Submitted by madstar t3_yhz4ay in DIY

I live in the Pacific Northwest and we've had a ton of rain over the past week. I wanted to see how my crawlspace was doing and I found this crack with water seeping in through one corner of the foundation.

Should I be concerned about this? What would you do?

Thanks for the advice in advance!



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olympiamow t1_iugtw3y wrote

PNW Engineer here... 3 things garenteed in life: death, taxes, and cracking concrete. You don't have a scale in your pictures, so the following is assuming some things.

That crack is nothing to be concerned about. It looks hairline. Monitor it, make some marks and measure it. If it's changing to where you can stick a finger it or your subfloor becomes uneven, then you have an issue.

As for the groundwater, it looks like you are in a corner of your building. Check your gutters. You may have a downspout too close to the foundation. In the winter here in the PNW, I add gutter spout extensions 6 to 10 feet away from the foundations. Check your surface grade to make sure no ponding is occuring. In the grand scale of things, this amount of water is trivial. If it starts to pond under the building, you can attempt to seal it from the exterior. It looks like a 3 foot crawl space, some digging and $20 in sealer. But if I were you, I wouldn't worry about it now.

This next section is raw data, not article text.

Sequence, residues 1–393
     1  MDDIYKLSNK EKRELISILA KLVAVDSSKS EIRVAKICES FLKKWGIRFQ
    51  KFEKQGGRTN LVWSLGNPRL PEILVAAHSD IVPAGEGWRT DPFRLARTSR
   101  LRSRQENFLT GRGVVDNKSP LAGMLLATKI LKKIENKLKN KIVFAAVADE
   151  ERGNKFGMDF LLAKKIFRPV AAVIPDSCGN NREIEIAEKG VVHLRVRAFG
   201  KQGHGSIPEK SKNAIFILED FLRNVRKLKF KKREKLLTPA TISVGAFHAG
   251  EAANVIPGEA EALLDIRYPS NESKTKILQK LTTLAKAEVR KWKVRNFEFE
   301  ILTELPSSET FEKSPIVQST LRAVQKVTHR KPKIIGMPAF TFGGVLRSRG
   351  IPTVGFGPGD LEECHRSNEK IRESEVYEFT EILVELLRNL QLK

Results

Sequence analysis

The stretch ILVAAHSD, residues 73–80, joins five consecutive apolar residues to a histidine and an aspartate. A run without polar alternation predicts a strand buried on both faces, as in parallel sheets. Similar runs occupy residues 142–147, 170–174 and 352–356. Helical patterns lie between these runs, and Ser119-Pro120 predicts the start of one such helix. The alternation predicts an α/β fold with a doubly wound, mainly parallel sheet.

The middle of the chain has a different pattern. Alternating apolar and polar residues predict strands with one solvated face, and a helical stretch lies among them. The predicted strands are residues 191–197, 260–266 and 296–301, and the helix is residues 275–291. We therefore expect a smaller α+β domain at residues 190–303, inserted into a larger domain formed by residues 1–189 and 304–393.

nathhad t1_iuhkck5 wrote

Non-PNW engineer here, just chiming in to say I agree with this fella. There's almost certainly an issue with drainage around the foundation, but this crack itself isn't an issue.


Steelyp t1_iuhw7fe wrote

Absolutely insane to me how important gutters are. As a first time home owner we had a bad hail storm and insurance replaced the roof. But because everyone was getting new roofs there was a lot of shortages/timing issues. Our roof went on but the gutters took another few days to get installed. Murphys Law appeared and a big rain happened and my god my entire house was full of water.